Once upon a time, Cisco was my favorite networking company – innovative products, able leadership of John Chambers and oozing investor confidence. For several years, Cisco had a dream run as the undisputed leader of the networking empire while others including Juniper and others contested keenly for the silver medal. The company worked on a simple principle to beat all competitors – either kill them by launching rival products or simply by acquiring them.
And then, it lost ‘focus‘, leading to disappointed investors and confused employees. Back then, I was left wondering if I would ever get to see the Cisco of old – ruthless, lean and meaning business. It’s fair to say that the turnaround started last year when after several ordinary quarters, Cisco reported quarterly results that beat analyst’s projections and CEO John Chambers hailed the ‘Next Cisco’.
Since then, Cisco has scooped up Lightwire, NDS, ClearAccess and invested $100 million in a networking startup called Insieme that was started by three of its ex-employees. And if the indications are anything to go by, Cisco isn’t done yet. The networking giant last week announced that it plans to acquire network analytics company Truviso for an undisclosed amount to help increase operational efficiencies and drive new revenue streams for customers.
Truviso was founded in 2006 by a University of California Berkeley professor, Michael Franklin (now CTO) and a Ph.D. student, Sailesh Krishnamurthy (now VP- technology). The company’s flagship offering Visitor Insight & Analytics software covers hundreds of audience segments, and brings together measurement of visitor interactions across web sites, social media, ad servers, video, mobile and online marketing campaigns. The company claims to be able to analyse up to 500,000 data records per second.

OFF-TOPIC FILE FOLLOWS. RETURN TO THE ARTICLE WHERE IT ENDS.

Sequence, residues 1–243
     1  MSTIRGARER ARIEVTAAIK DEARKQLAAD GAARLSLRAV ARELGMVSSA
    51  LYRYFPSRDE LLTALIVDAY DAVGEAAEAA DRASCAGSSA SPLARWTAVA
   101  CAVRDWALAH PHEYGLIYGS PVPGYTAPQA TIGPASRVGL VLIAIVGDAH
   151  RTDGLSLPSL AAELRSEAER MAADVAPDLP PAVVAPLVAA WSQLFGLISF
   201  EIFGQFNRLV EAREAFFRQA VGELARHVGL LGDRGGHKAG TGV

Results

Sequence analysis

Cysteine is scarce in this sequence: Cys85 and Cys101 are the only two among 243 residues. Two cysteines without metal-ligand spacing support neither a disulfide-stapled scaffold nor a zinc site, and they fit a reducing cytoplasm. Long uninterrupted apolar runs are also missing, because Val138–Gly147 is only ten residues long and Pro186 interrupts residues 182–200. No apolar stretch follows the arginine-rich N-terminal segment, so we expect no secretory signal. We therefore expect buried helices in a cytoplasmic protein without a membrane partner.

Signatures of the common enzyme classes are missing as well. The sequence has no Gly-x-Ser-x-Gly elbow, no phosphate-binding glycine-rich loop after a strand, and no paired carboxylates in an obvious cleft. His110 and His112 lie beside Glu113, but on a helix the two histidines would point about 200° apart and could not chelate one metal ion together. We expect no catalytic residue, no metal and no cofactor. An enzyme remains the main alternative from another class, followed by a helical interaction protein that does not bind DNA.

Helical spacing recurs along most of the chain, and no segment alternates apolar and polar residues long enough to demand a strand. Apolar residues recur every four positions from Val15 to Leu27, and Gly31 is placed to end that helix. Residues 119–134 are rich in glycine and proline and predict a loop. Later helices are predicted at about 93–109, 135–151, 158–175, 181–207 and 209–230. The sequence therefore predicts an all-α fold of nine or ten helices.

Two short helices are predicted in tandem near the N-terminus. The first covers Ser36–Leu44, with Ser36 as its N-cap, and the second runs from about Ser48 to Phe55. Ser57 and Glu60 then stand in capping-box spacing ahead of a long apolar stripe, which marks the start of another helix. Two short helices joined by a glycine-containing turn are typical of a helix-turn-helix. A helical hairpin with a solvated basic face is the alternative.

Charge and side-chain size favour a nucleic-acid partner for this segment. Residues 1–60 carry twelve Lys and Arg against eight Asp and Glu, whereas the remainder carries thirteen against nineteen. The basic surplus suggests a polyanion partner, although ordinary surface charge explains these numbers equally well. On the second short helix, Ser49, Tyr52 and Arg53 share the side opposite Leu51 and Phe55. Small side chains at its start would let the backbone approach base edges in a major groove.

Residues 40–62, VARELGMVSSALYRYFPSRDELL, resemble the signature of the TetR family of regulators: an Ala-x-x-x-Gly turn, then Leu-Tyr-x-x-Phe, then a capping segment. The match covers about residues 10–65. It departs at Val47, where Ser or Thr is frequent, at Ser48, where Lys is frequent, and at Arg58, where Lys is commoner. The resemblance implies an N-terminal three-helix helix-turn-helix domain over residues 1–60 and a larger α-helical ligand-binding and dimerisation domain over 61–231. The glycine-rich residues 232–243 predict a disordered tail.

It’s believed that Cisco will incorporate Truviso’s technology into its Cisco Prime technology, which enables businesses to gather and analyze network traffic. Several experts believe that it’s a good move as it will help Cisco’s foray into intelligent networks and help reap the acquisition benefits across all key verticals – core, data center, virtualization, collaboration, and video.
“With the growth of end-user devices and applications, and in turn the proliferation of large amounts of network data, service providers and enterprise customers are looking for ways to better understand usage and differentiate their service offerings,” Hilton Romanski, vice-president and head of corporate business development at Cisco, said in a blog post.
The deal is expected to close in Q4 2012, ending in July.